(b)    Executive shall (i) forfeit any (A) unexercised Post-Agreement Date Option Grants and (B) any shares of restricted stock or restricted stock units granted under any senior officer equity incentive compensation plan that vested during the six (6) month period immediately preceding Executive’s termination of employment (the “Vested Stock”) and (ii) forfeit and immediately return upon demand by Nucor any profit realized by Executive from the exercise of any Post-Agreement Date Option Grants or sale or exchange of any Vested Stock during the six (6) month period preceding Executive’s breach of any of the provisions of Sections 8 through 13 of this Agreement.

Executive agrees that any breach or threatened breach of any of the provisions of Sections 8 through 13 will cause Nucor irreparable harm which cannot be remedied through monetary damages and the alternative relief set forth in Sections 15(a) and (b) shall not be considered an adequate remedy for the

 

9


harm Nucor would incur. Executive further agrees that such remedies in Sections 15(a) and (b) will not preclude injunctive relief.

If Executive breaches or threatens to breach any of the provisions of Sections 10, 11 or 12 of this Agreement and Nucor obtains an injunction, preliminary or otherwise, ordering Executive to adhere to the Restrictive Period required by the applicable Section, then the applicable Restrictive Period will be extended by the number of days that Nucor has alleged that Executive has been in breach of any of these provisions.

Executive further agrees, unless otherwise prohibited by law, to pay Nucor’s attorneys’ fees and costs incurred in successfully enforcing its rights pursuant to this Section 15, or in defending against any action brought by Executive or on Executive’s behalf in violation of or under this Section 15 in which Nucor prevails. Executive agrees that Nucor’s actions pursuant to this Section 15, including, without limitation, filing a legal action, are permissible and are not and will not be considered by Executive to be retaliatory. Executive further represents and acknowledges that in the event of the termination of Executive’s employment for any reason, Executive’s experience and capabilities are such that Executive can obtain employment and that enforcement of this Agreement by way of injunction will not prevent Executive from earning a livelihood.

16.    Reasonableness of Restrictions. Executive has carefully considered the nature and extent of the restrictions upon him and the rights and remedies conferred upon Nucor under Sections 8, 9, 10, 11, 12, 13 and 15 and hereby acknowledges and agrees that the same are reasonable in time and territory, are designed to eliminate competition which would otherwise be unfair to Nucor, do not interfere with Executive’s exercise of his inherent skill and experience, are reasonably required to protect the legitimate interests of Nucor, and do not confer a benefit upon Nucor disproportionate to the detriment to Executive. Executive certifies that he has had the opportunity to discuss this Agreement with such legal advisors as he chooses and that he understands its provisions and has entered into this Agreement freely and voluntarily.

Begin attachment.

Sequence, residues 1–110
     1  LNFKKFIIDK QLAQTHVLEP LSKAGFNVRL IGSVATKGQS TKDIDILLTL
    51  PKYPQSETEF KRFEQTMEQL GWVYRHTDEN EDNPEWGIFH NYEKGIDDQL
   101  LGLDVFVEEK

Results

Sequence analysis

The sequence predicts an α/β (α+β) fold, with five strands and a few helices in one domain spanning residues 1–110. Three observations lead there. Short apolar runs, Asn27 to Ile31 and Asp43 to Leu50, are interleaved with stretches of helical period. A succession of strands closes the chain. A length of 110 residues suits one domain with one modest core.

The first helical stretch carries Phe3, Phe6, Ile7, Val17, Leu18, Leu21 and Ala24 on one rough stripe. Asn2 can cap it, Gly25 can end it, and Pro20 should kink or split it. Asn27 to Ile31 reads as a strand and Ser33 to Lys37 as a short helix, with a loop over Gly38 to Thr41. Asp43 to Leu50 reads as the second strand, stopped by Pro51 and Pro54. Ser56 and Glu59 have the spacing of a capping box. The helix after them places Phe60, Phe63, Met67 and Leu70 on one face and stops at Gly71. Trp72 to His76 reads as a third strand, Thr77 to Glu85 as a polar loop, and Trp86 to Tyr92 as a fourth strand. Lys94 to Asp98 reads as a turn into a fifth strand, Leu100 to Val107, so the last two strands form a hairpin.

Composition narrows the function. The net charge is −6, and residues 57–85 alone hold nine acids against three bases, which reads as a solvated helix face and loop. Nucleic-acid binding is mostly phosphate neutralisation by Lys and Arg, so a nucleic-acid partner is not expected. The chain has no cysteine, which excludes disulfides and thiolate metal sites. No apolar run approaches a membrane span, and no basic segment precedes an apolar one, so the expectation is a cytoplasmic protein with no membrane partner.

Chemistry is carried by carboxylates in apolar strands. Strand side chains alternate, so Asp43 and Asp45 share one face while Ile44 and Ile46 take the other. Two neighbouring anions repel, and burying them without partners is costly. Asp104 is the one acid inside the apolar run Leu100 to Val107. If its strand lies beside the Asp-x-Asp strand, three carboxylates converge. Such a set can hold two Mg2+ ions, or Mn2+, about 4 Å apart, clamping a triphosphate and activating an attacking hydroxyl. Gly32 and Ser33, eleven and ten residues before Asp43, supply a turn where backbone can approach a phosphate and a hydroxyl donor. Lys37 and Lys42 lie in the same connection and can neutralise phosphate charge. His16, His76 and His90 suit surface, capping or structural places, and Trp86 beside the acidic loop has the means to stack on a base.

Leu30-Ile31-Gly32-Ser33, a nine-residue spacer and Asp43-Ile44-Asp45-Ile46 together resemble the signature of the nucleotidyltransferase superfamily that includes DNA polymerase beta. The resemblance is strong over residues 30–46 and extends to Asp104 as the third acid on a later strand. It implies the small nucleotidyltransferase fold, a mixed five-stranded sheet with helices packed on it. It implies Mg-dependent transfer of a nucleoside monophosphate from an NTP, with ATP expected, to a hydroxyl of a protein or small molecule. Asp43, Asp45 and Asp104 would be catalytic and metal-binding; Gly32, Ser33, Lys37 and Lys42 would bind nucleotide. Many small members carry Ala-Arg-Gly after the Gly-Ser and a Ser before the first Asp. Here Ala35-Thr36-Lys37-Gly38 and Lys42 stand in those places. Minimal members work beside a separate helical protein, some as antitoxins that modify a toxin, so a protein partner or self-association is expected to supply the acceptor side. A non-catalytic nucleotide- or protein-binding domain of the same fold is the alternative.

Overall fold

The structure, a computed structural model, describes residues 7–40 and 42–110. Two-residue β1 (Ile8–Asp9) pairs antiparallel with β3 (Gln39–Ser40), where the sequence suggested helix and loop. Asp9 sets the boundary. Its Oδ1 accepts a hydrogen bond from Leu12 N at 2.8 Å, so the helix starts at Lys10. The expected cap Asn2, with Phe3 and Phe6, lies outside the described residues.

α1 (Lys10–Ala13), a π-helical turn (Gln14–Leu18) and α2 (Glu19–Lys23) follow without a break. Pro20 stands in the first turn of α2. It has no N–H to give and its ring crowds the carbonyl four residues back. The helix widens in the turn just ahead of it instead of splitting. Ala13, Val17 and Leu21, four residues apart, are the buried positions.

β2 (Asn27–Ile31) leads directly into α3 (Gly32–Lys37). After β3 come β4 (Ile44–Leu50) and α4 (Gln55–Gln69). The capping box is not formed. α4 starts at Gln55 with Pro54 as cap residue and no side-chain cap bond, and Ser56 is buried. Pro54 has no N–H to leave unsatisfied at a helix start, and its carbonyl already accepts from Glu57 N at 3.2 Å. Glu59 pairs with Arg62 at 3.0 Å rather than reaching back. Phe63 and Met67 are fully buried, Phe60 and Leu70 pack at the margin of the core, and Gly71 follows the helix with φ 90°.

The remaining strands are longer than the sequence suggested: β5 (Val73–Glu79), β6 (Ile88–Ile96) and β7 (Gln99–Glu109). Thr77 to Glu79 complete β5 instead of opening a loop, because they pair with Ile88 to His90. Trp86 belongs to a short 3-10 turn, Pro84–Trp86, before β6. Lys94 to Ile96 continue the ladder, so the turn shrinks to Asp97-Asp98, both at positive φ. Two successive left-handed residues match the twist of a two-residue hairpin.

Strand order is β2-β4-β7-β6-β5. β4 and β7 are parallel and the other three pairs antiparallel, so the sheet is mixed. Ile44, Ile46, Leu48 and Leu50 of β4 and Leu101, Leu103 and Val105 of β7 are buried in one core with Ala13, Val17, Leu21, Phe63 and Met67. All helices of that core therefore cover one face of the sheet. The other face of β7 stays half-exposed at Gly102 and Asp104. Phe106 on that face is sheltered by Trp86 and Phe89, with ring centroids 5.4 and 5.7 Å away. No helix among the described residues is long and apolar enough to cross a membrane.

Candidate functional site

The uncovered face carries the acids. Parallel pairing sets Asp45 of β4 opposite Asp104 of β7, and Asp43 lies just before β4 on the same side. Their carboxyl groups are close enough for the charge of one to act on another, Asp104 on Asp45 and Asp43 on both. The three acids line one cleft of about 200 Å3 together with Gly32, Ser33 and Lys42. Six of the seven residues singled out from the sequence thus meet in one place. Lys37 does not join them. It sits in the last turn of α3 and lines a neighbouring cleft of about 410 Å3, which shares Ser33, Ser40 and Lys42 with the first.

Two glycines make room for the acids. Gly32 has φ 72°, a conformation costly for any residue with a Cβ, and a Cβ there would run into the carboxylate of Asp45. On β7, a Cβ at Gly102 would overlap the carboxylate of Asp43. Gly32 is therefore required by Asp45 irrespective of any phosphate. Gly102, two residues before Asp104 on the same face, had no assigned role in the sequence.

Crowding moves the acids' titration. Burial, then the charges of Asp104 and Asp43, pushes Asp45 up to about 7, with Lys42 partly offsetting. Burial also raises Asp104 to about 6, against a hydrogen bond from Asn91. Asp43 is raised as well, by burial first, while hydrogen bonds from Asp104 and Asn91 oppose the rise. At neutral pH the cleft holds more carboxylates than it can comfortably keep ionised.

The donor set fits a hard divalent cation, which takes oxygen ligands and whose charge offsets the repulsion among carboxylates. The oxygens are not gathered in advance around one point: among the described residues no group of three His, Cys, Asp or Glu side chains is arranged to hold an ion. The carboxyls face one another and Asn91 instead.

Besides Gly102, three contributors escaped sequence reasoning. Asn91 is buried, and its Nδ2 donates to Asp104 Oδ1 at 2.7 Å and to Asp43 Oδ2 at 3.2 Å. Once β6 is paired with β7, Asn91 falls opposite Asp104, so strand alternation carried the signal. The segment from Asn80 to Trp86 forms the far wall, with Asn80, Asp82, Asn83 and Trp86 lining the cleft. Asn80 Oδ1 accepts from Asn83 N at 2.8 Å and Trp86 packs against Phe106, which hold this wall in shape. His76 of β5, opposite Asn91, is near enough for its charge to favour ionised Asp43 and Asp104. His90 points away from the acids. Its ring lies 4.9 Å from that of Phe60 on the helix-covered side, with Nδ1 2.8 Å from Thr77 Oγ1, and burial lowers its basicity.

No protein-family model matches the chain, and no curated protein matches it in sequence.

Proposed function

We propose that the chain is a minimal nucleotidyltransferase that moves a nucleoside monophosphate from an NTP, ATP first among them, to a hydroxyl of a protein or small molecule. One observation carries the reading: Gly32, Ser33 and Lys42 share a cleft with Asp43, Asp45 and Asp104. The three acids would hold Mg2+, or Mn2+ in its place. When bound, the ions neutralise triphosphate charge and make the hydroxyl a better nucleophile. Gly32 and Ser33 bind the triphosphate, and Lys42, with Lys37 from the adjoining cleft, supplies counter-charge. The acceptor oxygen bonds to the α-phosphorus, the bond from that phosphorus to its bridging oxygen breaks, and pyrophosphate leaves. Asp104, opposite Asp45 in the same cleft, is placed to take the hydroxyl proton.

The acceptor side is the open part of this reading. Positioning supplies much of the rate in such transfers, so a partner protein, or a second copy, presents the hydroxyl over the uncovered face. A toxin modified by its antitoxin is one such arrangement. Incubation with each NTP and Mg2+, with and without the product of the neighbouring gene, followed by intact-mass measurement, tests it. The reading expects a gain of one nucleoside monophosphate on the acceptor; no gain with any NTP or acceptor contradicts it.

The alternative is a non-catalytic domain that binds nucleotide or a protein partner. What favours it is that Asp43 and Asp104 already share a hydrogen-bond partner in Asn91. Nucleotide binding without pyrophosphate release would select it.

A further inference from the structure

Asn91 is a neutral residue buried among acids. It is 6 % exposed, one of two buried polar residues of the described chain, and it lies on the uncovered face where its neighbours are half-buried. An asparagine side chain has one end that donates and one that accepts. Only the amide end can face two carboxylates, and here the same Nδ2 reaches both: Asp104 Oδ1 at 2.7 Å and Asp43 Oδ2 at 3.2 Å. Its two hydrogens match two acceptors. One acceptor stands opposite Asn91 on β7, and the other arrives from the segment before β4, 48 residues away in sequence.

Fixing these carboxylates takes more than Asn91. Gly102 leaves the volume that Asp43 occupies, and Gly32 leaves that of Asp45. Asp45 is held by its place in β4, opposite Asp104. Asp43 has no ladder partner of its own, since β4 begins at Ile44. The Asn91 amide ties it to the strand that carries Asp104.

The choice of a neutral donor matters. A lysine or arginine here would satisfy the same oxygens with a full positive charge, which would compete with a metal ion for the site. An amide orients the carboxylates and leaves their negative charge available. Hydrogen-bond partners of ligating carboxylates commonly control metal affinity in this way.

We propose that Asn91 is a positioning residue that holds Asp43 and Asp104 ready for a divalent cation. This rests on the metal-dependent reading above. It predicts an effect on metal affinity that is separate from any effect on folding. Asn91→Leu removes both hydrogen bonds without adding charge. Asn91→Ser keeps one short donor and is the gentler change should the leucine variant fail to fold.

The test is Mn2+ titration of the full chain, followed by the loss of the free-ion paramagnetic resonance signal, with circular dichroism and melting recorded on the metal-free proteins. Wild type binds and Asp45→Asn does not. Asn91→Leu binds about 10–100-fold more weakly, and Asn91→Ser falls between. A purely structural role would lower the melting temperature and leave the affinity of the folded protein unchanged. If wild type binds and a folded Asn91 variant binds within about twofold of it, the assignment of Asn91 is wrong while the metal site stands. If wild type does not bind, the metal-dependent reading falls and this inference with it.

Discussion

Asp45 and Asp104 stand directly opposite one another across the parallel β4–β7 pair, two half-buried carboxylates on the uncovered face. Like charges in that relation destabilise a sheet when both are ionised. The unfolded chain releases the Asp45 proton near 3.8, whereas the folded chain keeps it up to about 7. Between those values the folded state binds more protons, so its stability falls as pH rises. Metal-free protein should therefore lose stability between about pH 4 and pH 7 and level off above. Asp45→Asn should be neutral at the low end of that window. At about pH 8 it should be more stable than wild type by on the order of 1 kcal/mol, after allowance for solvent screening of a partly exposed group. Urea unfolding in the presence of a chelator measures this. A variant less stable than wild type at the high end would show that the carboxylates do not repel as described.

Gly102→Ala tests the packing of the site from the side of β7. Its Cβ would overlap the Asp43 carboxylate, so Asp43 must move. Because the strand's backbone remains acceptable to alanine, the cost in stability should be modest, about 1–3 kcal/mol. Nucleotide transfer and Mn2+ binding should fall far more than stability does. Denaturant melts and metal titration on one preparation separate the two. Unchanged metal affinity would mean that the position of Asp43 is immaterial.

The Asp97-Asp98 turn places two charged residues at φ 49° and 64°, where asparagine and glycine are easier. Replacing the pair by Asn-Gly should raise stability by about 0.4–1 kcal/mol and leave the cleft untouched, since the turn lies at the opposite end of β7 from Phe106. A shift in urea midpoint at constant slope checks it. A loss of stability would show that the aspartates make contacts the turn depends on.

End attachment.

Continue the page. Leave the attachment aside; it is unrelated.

17.    Applicable Law. Following Executive’s promotion to Executive Vice President of Nucor Corporation, Executive’s primary place of employment will be Nucor’s corporate headquarters located in Charlotte, North Carolina. Accordingly, this Agreement is made in, and shall be interpreted, construed and governed according to the laws of, the State of North Carolina, regardless of choice of law principles of any jurisdiction to the contrary. Each party, for themselves and their successors and assigns, hereby irrevocably (a) consents to the exclusive jurisdiction of the North Carolina state and federal courts located in Mecklenburg County, North Carolina and (b) waives any objection to any such action based on venue or forum non conveniens. Further, Executive hereby irrevocably consents to the jurisdiction of any court or similar body within the Restricted Territory for enforcement of any judgment entered in a court or similar body pursuant to this Agreement. This Agreement is intended, among other things, to supplement the provisions of the North Carolina Trade Secrets Protection Act and the Defend Trade Secrets Act of 2016, each as amended from time to time, and the duties Executive owes to Nucor under North Carolina common law, including, but not limited to, the duty of loyalty.

18.    Executive to Return Property. Executive agrees that upon (a) the termination of Executive’s employment with Nucor and within three (3) business days thereof, whether by Executive or Nucor for any reason (with or without cause), or (b) the written request of Nucor, Executive (or in the event of the death or disability of Executive, Executive’s heirs, successors, assigns and legal representatives) shall return to Nucor any and all property of Nucor regardless of the medium in which such property is stored or kept, including but not limited to all Secret Information, Confidential Information, notes, data, tapes, computers, lists, customer lists, names of customers, reference items,

 

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phones, documents, sketches, drawings, software, product samples, rolodex cards, forms, manuals, keys, pass or access cards and equipment, without retaining any copies or summaries of such property. Executive further agrees that to the extent Secret Information or Confidential Information are in electronic format and in Executive’s possession, custody or control, Executive will provide all such copies to Nucor and will not keep copies in such format but, upon Nucor’s request, will confirm the permanent deletion or other destruction thereof.